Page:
Million Little has been proud to watch what we’ve seen of James’ journey and transformation thus far. His light shines brightly, showing others that they too can commit to the processes of recovery and growth. All the while, he has used creativity as an outlet, helping him stay focused and centered while facing hard times.
James’ struggle with chronic homelessness and addiction highlights his fighting spirit, just one of many strengths. He has the determination to continuously advocate for himself whether he finds success or dejection. His tenacity is an inspiration to us all, no matter what our personal struggle is.
James became homeless as a child, the reaction of his conservative family when he came out the closet. He describes his experience saying, “Being homeless is a bitch. Being homeless is scary. Especially when you’re 10, 11 years old. I used to sleep on park benches and do my schoolwork under streetlights. I’ve had DPSS called on me and I had to run because I didn’t want to go back to my family.”
By this point, he had already been experimenting with drug use after his father introduced him to it at age 10. His family’s disownment only plunged him further into his addiction. To read more about how he overcame a 14 year battle with drugs, you can click HERE.
James says, “I hit rock bottom more than I can count, more than all the toes and ears and body parts I have combined.”
This culminated in his final overdose before getting clean on April 3, 2019. He continues,
“They tried committing me to a psych ward for being suicidal, but in reality I wasn’t suicidal. I was doing a fucked up thing in my life and that day I vowed to never ever ever get high again. Since then it’s been a roadway to hell, blood and sweat put into my sobriety. But the main reason I come to [Hillsides] is to find serenity, to find people that are sober. And the reason I come to Million Little is I get to draw and show my inspiration.”
Each week in our program, James’ unbridled creativity inspires us and our other program participants. He has the amazing ability to engage with what he calls his “artful” side, saying “I’m just full of art. My brain is a big old glob of paint.” He sees beauty in everyday objects, eagerly mixing materials together to create abstract works of art representing memories, dreams, feelings, and his own perspective on the world.
In his first session with Million Little, James created this abstract melted crayon artwork. He had recently reached one month of sobriety and had a lot of thoughts swirling through his head that he put down on the canvas.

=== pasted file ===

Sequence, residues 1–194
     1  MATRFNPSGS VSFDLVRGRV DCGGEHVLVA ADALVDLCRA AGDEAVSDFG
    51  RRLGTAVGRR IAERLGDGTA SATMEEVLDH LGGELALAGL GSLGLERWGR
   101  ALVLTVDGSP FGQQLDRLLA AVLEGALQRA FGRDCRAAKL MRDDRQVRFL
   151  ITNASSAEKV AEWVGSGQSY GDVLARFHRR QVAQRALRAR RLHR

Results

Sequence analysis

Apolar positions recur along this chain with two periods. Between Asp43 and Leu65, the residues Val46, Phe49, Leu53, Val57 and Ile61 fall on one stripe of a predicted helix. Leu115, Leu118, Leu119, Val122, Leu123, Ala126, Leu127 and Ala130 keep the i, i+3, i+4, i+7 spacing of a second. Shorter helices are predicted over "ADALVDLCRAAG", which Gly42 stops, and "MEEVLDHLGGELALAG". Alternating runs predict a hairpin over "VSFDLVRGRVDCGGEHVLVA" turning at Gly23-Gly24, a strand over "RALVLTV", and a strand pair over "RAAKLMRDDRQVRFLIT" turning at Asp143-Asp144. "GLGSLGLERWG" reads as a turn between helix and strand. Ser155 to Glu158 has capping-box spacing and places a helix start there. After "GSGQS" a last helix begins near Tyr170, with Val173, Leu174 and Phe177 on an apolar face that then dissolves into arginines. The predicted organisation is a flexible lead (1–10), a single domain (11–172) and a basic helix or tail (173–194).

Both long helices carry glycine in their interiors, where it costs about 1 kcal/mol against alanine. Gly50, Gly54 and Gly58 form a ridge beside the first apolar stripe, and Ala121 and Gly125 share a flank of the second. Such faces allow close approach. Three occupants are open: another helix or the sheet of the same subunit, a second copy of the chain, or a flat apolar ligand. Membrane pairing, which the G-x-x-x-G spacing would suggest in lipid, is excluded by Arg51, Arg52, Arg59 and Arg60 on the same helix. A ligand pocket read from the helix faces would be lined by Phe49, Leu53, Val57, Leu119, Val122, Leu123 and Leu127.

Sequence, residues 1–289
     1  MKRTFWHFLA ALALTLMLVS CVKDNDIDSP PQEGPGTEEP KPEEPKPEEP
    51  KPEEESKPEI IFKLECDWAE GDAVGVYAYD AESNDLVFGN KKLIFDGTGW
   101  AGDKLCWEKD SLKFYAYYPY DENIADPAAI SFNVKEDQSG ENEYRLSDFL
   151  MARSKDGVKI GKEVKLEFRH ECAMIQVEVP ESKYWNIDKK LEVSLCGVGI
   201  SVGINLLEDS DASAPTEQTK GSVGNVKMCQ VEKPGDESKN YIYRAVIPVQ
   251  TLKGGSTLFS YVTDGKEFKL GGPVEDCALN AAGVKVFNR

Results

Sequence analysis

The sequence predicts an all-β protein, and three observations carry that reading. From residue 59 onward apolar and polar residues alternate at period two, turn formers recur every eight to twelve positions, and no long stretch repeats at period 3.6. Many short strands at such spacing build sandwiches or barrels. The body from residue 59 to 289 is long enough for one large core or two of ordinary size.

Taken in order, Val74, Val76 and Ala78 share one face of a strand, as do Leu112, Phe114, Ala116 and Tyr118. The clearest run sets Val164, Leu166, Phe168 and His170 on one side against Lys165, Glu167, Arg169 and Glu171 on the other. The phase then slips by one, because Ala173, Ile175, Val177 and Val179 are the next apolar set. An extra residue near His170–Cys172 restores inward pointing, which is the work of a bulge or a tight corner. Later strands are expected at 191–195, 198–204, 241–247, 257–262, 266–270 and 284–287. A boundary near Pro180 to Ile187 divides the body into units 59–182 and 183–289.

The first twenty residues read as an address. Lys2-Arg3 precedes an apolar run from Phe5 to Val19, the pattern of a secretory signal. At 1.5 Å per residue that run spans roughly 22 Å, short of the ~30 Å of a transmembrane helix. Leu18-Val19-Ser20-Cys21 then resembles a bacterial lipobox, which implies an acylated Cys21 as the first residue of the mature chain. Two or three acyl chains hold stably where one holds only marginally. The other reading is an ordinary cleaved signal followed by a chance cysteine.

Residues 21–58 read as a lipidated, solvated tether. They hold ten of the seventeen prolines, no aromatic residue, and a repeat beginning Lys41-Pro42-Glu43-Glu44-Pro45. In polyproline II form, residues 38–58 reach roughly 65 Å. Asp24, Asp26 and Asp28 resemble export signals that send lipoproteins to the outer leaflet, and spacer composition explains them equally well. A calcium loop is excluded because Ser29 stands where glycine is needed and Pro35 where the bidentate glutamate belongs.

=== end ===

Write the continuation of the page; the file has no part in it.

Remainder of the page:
“I make a lot of abstract art because it shows what addiction does to your brain. It becomes a mix of colors and a mix of blobs This painting looks like the CAT scan of my brain they did after I overdosed on fentanyl. I think my brain took what the CAT scan looked like and threw it up.”
After looking at for a bit more, James started to develop a new interpretation. He continued,
“I see a face in it. I see hearts. I see clouds. I see a broken mind [...] Do you see the white? It’s kinda like the parts of my brain that aren’t damaged. It’s hopeful.”
Not every youth in our program is as fearless when it comes to artistic experimentation. New participants sometimes are anxious about picking up a piece of paper, scared they might not like what they create. James is always supportive of these youth, encouraging them to use art for self-expression rather than self-criticism.
He told us, “Look at me. I don’t know how to paint. I don’t know how to draw. But each and every one of us has a brain and in that brain there is a creative cell. Trust me. The paint brush won’t bite.” When new participants follow James’ advice, they come to agree that the paint brush is not something to be afraid of. Beautiful artwork has been made because James was there to ease someone into the world of creativity.
This supportive side of James extends far beyond our programs. Having dealt with many personal issues, he carries empathy even for those who he hasn’t met. For anyone who is struggling with homelessness, homophobia, mental illness, or addiction, James would like to share the following message:
“I might not know you, but it gets better and please don’t hurt yourself. Please don’t start drugs or do anything to harm that beautiful self of yours. It may seem like it’s the end, but trust me there’s a whole sprout of flowers ahead.”
Update from James:
“I’m now at 9 months of sobriety since January 3rd, 2020. I started my job [supporting local youth in recovery] in October 2019. I get to work with people just like me and I am grateful I can use my experiences to [help them] and show them that they are loved. I tell them, don’t do drugs, don’t hurt yourself, don’t have sex for money. You are loved. Even if nobody else loves you, I love you.”
The past year has brought a lot of transitions for James. Not only is he now employed full time, he also secured housing. He acknowledges that he still has a long road ahead of him to maintain his recovery but remains optimistic.
“I can do it because I have support through Million Little and my case manager and therapist. Million Little has helped me so much. I remember going [to their program] for the first time when I had just celebrated one month of sobriety. They’ve helped me, and now I’m helping other people.”